Entry visas

    • In the initial uplift, some new arrivals had Australian citizenship/permanent residency, others travelled under Australian refugee visas, and many arrived on Temporary Humanitarian Stay (449) visas - related to the speed of the uplift/evacuation.
      • The 449 visa did not carry Medicare initially, arrangements were made facilitating Medicare access for 449 visas (16/9/21), with around 30% having Medicare allocated by 15/10/2021, and 75% by 11/11/2021) - however in practice there were delays in new arrivals getting their Medicare details. 
        • The 449 is a temporary visa - initial duration was 3m, with an assumption of renewal (to 12m) and longer term transition to permanency. 
          • The 449 is not eligible for the MBS refugee health assessment item (707); or NDIS (it is a temporary visa)
          • Temporary visas do not carry rights to family sponsorship 
    • Within the cohort, there were a small number of UHM - see media reporting - these children/young people will be eligible for the Unaccompanied Humanitarian Minor Program.
    • Contact and the Humanitarian Settlement Program (HSP) provider (Victoria - where individuals details are incorrect, and for individuals where expedited access to permanent visas is required (e.g. unaccompanied humanitarian minors (UHM), individuals requiring access to NDIS). Contact the HSP provider for Medicare issues.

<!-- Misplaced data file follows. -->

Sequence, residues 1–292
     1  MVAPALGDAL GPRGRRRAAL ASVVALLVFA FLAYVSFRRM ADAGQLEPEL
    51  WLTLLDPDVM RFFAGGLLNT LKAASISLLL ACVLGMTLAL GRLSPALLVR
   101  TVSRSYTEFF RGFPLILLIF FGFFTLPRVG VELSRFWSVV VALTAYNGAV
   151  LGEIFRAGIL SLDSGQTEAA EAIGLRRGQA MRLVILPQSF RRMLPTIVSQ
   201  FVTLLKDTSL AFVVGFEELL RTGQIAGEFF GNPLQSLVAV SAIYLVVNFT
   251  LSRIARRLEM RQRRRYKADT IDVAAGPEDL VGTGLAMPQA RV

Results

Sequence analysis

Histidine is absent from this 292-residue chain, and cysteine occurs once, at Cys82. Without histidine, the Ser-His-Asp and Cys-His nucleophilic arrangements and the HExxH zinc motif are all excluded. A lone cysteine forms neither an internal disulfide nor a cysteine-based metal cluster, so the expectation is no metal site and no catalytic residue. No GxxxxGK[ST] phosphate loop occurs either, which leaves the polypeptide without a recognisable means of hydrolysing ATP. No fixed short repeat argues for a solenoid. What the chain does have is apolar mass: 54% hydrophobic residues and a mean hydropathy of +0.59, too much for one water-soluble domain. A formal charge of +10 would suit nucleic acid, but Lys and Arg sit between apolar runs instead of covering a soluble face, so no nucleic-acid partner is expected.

Covid, hotel quarantine procedures, and covid vaccination

    Due to covid, new arrivals were subject to HQ after arrival and placed in HQ in WA, SA, Vic, NSW, Qld and NT. HQ arrangements (and healthcare available in HQ) varied across the jurisdictions. 

    • New arrivals underwent basic covid and health screening at the airports - there were minimal instances of covid in these cohorts
    • Covid testing protocols in HQ varied, but typically individuals were tested several times - e.g. D 0, 4, 8, 12, and 14 and then D17 (3d after release) and recommended at D21 (7d after release)
    • In Victoria, there were 3 tiers of HQ hotels - health (covid cases), complex care (other complex needs) and quarantine; 3 new quarantine hotels were stood up for these cohorts. During the period in HQ, the focus of health assessment was on covid symptoms and testing. 
    • Individuals arrived with nothing but immediate clothing, there were systems in place to deliver phones and support immediate material needs, but the process of commencing case work support, Centrelink/Medicare access, and finding accomodation was complicated because of the HQ period and lockdowns. HSP providers contacted new arrivals in HQ. 
    • In Melbourne, subsequent arrivals have often been supported in short term accomodation close to the CBD. 
    • Preliminary information suggested large numbers (~40%) of interstate arrivals planned to move to Victoria, and large numbers are arrived from mid-September onwards, having completed HQ interstate.

    Covid vaccination

    • Covid vaccination was limited in Afghanistan at the time of the uplift, 2.0% were partially and 1.1% were fully vaccinated against covid, although a number of new arrivals had been vaccinated.
    • Overall less than 2 million doses of covid vaccine had been distributed in Afghanistan - including:
      • Covishield (AZ, made in India, ~500K delivered March 2021)
      • AZD1222 (AZ, made in UK, ~270K delivered June 2021)